So far, we’ve focused on burning calories and improving endurance. But it’s taken you a lot of work to get your bench-press right where you want it, and you can’t bear to lose an ounce off that hard-earned power. You also know that muscles are the most highly metabolic tissue in the body, so you’d rather keep as much protein-rich lean body mass as possible to help you handle the holiday calorie surplus. To get a quick, optimal burn and to spark your body to produce plenty of strength-enhancing hormones, think big – big weights and big muscle groups. Using big weights (80 percent of your max) and low reps will guarantee you maximum strength gains. They’ll also engage more muscles. The more muscles involved in an exercise, the more calories you burn and the more you stimulate your metabolism to bolster overall strength.

Lower Body

When you’ve only got 20 minutes in the weight room, skip the dumbbells and machines and head for the squat rack. Squats have long been considered the “king” of strength-training exercises, and for good reason. They work big muscle groups – the thighs, hamstrings, buttocks, belly and back. If you work out twice a week, switch to dead lifts on alternate days. They work the same basic muscle groups, but shift the emphasis from quads to hamstrings and provide more training for the lower back. The “holding” muscles in your forearms will get a workout too. Alternating between these two regal power-building exercises should keep you strong enough to take care of your New Year’s resolutions.

Upper Body

For your upper body, head for the bench and do three sets of presses with enough weight so that you can do five reps per set, but not much more. Then grab the chinning bar for three sets of pull-ups; do each set to near-failure, with no more than one-minute breaks in between. (If you can’t lift your own body weight, use the lat pull-down machine.) Polish the session off with ab work: one set of 30 bicycle crunches, one set of 10 reverse trunk twists (lie down on the floor with arms out to your sides, lift your legs to 90 degrees, lower to one side and then the other while maintaining the 90 degree angle) and one set of 30 straight-leg inverse lifts. On alternate days, do incline presses followed by chin-ups and conclude with your abs.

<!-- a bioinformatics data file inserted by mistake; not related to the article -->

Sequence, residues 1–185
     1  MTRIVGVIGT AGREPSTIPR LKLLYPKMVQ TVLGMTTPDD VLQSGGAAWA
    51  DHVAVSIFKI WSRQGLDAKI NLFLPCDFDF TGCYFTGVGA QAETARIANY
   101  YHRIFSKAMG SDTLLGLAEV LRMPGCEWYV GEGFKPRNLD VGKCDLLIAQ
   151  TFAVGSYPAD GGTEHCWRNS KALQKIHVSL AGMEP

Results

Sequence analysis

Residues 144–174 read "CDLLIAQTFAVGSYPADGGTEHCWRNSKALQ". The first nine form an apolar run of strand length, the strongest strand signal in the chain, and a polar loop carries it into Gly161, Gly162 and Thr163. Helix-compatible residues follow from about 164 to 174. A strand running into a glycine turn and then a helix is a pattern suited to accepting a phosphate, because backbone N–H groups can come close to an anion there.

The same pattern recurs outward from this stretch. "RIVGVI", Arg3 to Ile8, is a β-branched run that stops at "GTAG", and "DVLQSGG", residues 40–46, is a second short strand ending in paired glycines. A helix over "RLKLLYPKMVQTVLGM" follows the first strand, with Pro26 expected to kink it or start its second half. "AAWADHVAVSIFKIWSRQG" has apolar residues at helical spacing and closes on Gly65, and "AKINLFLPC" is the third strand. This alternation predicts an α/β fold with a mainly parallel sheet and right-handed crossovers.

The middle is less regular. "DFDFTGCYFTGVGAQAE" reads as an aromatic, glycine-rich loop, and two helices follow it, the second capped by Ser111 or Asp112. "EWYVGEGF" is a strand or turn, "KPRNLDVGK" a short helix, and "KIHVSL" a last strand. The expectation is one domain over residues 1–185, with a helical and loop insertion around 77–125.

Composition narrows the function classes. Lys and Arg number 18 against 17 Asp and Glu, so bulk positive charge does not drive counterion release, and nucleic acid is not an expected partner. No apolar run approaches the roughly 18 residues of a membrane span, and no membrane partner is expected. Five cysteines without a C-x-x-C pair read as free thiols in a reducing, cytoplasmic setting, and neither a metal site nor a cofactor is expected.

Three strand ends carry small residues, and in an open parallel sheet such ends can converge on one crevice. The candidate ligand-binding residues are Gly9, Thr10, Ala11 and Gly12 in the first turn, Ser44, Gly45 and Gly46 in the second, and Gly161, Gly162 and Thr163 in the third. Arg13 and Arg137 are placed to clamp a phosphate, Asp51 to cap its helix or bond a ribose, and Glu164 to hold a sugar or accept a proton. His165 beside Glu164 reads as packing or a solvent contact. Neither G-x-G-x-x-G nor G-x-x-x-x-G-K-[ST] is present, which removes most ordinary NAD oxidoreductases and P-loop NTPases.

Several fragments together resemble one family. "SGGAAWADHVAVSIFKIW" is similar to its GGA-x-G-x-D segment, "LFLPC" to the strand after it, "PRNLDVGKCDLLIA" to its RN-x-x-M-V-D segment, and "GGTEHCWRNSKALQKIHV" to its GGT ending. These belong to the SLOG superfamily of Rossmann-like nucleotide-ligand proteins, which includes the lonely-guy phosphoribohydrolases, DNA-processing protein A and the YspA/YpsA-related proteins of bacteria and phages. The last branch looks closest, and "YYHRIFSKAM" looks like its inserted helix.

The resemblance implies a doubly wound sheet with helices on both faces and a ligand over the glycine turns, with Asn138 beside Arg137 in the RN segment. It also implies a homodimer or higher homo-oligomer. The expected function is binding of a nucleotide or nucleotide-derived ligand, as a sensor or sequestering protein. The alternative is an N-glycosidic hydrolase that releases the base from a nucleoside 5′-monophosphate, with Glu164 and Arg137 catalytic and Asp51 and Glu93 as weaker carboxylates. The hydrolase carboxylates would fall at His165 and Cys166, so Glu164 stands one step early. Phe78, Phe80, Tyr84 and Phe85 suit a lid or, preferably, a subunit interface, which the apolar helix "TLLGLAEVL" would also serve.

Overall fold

Between these abbreviated lower- and upper-body workouts, you’ll have exercised practically every muscle in your body, outwitted your cramped schedule and proven yourself downright disciplined. While others are just talking about their ambitious New Year’s resolutions, you can go ahead and pat yourself on the back for having an athletic, running start!